Cloud and data protection: How the German digital law affects Swiss companies

Ralf Hofstetter
Direktor & Leiter Trust and Transparency Solutions
PwC Schweiz

Cristian Manganiello
Partner, Risk and Compliance Management Services
PwC Schweiz

In mid-July 2023, the Federal Ministry of Health in Germany presented the draft law on the Digital Act. It brings with it far-reaching requirements for digital health data used in Germany and thus for the information security of cloud-based services. What does this mean for Swiss companies? 

Digital technologies and artificial intelligence are changing healthcare, for example through electronic patient records and video consultations. At the heart of digitalisation is medical data, which is exchanged between doctors and patients, but also between different service providers, with the help of modern technologies - mostly via cloud services. This enables new diagnostic and therapeutic approaches, improves communication in the healthcare system and gives patients the opportunity to more actively maintain and shape their health, for example through apps and online information. 

However, this development also raises new questions of data protection and information security, as cyber security risks in healthcare are constantly increasing. At the same time, more and more cloud-based applications (e.g. Amazon Web Services (AWS), Google Cloud Platform (GCP), Microsoft Azure) are being used to process sensitive health data, which leads to higher risks.

More digitisation, more data protection

Against this backdrop, the German Federal Ministry of Health presented the draft of the "Act to Accelerate the Digitisation of Health Care" (DigiG) on 13 July 2023 and the cabinet approved the drafts of the DigiG as well as an "Act on the Improved Use of Health Data" (GDNG) on 30 August 2023. The aim of these laws is to simplify everyday treatment for doctors and patients in Germany with digital solutions and to improve research opportunities in Germany.

Law with extraterritorial appeal

Even though the new laws only apply to Germany so far, Swiss providers of digital health services must check whether they are affected by them, because the requirements have extraterritorial appeal. All companies that use cloud services to process health data fall under the DigiG and the GDNG. The German branch of a Swiss provider of laboratory analyses, for example, will be just as affected by the new legislation as the research centre of a Swiss pharmaceutical company that collects patient data in Germany.

From July 2025, companies will only be allowed to use cloud services in connection with personal health data of German patients if the cloud provider has a C5 Type 2 audit report from the BSI (Federal Office for Information Security) on information security. The BSI Cloud Computing Compliance Criteria Catalogue (BSI C5) is a catalogue of criteria and describes minimum information security requirements for cloud services that must not be undercut.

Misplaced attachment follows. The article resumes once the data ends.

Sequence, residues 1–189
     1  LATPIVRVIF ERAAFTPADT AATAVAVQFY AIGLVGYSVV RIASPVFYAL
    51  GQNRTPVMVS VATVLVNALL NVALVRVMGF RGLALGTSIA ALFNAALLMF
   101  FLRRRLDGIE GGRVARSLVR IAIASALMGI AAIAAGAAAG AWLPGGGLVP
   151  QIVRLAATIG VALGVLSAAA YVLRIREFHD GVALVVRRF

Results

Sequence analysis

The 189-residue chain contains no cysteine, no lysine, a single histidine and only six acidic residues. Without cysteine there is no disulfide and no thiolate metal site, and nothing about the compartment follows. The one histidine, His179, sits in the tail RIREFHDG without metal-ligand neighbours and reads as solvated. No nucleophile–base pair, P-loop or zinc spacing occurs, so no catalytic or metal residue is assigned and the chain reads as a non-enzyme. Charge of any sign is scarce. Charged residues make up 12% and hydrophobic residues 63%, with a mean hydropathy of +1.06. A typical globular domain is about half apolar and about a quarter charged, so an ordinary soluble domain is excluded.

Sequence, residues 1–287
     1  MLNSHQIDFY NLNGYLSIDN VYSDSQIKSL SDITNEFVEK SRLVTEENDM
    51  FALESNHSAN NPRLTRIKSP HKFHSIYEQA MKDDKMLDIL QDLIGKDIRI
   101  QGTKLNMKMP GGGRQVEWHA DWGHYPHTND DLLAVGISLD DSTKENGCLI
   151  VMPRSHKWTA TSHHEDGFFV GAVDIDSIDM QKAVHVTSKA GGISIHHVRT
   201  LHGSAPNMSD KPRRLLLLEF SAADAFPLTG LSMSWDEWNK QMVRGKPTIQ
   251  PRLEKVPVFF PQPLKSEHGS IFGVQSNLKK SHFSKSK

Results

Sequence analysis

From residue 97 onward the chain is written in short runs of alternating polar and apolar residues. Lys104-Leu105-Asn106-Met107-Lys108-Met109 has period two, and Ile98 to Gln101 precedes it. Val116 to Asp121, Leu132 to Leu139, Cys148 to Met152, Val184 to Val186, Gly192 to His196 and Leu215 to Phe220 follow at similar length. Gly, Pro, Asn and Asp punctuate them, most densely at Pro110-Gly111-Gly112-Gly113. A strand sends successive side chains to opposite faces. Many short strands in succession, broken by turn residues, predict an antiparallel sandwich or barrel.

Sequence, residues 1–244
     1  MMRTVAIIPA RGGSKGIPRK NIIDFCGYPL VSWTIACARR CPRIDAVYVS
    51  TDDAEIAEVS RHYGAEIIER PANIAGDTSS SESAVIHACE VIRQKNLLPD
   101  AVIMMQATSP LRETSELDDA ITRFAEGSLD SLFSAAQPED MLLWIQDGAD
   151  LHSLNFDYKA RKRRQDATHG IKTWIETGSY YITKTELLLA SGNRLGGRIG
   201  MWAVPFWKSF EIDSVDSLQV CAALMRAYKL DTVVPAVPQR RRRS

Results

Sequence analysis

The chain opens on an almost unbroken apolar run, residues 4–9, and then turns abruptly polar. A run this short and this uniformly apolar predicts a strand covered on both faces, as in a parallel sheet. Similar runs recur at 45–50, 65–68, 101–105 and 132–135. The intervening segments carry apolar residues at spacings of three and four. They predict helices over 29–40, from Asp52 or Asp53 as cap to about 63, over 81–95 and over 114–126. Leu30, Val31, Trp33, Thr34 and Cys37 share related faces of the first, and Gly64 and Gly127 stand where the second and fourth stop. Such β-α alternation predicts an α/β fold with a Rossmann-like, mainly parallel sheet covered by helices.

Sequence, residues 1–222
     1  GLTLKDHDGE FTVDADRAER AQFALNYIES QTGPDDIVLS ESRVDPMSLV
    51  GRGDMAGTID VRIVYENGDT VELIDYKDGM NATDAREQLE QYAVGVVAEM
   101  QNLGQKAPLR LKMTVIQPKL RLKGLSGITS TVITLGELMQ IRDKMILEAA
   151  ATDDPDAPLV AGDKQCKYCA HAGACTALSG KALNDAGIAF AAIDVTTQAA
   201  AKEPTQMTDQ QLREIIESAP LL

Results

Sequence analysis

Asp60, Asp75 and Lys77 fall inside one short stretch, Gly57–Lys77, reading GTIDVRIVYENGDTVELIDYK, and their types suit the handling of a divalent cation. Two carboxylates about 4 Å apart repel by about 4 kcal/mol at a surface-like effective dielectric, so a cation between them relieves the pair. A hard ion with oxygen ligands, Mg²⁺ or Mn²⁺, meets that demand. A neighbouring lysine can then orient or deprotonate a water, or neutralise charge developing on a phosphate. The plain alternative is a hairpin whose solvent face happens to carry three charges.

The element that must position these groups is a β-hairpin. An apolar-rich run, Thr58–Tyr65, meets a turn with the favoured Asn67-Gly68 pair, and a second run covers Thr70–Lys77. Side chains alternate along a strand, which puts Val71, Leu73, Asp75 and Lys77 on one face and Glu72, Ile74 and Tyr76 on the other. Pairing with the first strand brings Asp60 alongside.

Five steps to the audit report

To achieve compliance with the legal requirements in Germany and ensure that the cloud provider meets all the requirements of the Digital Act in a timely manner, companies should follow the following roadmap: 

  • Now: Evaluate the applicability of the Digital Act for the cloud service in Switzerland.
  • Now: Conduct BSI C5 gap assessment, prepare for BSI C5 exam.
  • By the end of 2023: Audit the cloud service according to BSI C5 Type 1 (design and implementation).
    The auditor issues an audit opinion on whether the controls are appropriately designed and implemented to meet the C5 criteria at the time of the audit.
  • By mid-2024: Audit the cloud service in accordance with BSI C5 Type 2 (design, implementation and operating effectiveness).
    In addition to assessing the adequacy, the effectiveness of the controls is tested by sampling over a specified period of time (usually one financial year).
  • By 1 July 2025: Produce and publish the BSI C5 report.


How PwC can support you

The timetable for compliance with the new regulations is very tight and affected companies should react as quickly as possible.  The first important steps are to identify these regulations issued in Germany and to clarify the exact requirements and legal risks for Swiss companies. We can competently accompany you every step of the way to digital law compliance.  

Contact us now

Contact us

Ralf Hofstetter

Ralf Hofstetter

Director for Sustainability Assurance, PwC Switzerland

Tel: +41 58 792 5625

Cristian  Manganiello

Cristian Manganiello

Partner for Risk and Compliance Management Services, PwC Switzerland

Tel: +41 58 792 56 68

Yan Borboën

Yan Borboën

Partner, Leader Digital Assurance and Cybersecurity & Privacy, PwC Switzerland

Tel: +41 58 792 84 59